Dyami Brown, WR, Washington Football Team (82nd overall)
Last year’s Washington receiving corps consisted of Terry McLaurin and not much else. In free agency, Washington signed Curtis Samuel as a No. 2 and the addition of Dyami Brown in the third round helped round out the shape of that group. Brown was an outside deep threat, who could immediately bring a vertical element to an offense now helmed by Ryan Fitzpatrick. Brown’s 17.6-yard aDOT in 2020 was the highest of this draft class, by almost two yards. No team had a lower aDOT (6.2) than Washington in 2020.
Just 5% of Brown’s routes came from the slot last season and while that might not be great for Brown’s versatility specifically, it could force Washington’s hand in using Samuel more in the slot when he and Brown are on the field together. Samuel’s great 2020 usage came with more snaps and targets in the slot but there were some concerns whether his previous coaching staff from Carolina — now in Washington — would embrace what went well under a different staff last season.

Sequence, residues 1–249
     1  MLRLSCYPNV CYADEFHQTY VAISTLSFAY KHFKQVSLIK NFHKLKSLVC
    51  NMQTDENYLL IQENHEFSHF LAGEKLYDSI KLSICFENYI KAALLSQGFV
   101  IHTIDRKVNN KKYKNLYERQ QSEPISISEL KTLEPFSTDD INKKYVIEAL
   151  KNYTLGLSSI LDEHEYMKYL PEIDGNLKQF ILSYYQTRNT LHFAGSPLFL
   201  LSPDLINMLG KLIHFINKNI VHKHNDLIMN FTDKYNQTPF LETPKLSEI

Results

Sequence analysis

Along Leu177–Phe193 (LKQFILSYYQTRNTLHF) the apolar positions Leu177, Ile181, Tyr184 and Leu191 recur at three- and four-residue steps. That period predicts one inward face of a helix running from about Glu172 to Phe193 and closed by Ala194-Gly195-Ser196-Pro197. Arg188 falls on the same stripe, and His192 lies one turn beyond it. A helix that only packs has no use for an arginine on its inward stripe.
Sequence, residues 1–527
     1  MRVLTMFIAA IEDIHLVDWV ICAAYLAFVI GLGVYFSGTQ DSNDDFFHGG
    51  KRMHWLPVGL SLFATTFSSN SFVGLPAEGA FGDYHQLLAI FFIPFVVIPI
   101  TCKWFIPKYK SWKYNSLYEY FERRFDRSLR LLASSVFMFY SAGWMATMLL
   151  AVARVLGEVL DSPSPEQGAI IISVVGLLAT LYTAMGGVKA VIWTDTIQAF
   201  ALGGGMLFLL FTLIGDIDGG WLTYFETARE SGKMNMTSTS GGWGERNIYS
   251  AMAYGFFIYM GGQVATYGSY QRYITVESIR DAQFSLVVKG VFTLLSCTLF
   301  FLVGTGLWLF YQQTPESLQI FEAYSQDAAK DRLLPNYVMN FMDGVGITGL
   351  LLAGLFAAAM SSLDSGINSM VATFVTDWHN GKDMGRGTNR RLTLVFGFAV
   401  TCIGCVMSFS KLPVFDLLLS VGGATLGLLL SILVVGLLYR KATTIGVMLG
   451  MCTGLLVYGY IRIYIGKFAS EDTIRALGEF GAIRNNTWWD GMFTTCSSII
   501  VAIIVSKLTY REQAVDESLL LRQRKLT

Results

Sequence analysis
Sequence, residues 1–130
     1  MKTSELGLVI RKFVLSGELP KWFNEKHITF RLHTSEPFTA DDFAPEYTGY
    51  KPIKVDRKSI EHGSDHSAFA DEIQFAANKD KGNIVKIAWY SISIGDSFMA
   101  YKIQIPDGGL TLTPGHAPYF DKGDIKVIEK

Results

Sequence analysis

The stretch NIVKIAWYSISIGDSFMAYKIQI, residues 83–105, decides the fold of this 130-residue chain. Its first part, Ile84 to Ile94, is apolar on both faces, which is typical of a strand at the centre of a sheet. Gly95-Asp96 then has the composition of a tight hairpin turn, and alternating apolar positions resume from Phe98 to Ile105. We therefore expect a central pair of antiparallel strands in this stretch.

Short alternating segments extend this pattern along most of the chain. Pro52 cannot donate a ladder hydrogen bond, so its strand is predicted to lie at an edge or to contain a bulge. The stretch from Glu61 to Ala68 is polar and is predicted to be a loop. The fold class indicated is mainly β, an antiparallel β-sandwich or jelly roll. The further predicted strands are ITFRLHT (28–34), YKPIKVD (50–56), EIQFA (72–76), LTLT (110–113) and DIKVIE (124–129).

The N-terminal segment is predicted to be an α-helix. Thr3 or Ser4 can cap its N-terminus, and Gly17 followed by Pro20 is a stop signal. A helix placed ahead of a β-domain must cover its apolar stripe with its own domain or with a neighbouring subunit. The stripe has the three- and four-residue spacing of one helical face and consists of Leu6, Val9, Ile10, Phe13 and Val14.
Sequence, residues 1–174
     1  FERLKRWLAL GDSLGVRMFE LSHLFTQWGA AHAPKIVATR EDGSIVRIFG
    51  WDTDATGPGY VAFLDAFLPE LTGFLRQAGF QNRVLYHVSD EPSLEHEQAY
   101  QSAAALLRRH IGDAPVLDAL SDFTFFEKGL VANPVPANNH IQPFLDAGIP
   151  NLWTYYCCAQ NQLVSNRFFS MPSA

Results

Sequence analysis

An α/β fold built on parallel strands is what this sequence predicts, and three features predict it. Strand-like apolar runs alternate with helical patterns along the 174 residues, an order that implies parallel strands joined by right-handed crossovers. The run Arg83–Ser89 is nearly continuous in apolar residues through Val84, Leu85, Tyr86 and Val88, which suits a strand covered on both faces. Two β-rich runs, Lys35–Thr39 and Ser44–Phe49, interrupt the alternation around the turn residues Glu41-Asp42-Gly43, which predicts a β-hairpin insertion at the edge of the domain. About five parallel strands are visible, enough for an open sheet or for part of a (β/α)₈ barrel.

Brown’s ability to line up on the outside, and specifically as an iso receiver, could also help McLaurin. Last season, Washington had the second-fewest routes run with an isolated receiver. But McLaurin individually had the ninth-most routes run as an isolated receiver in 2020, per SIS. Only D.K. Metcalf and DeAndre Hopkins had a higher team share of routes run as an isolated receiver than McLaurin’s 40.8%. Brown had the 11th-most routes run as an isolated receiver in college football last season and he ranked second in yards per route run in that alignment.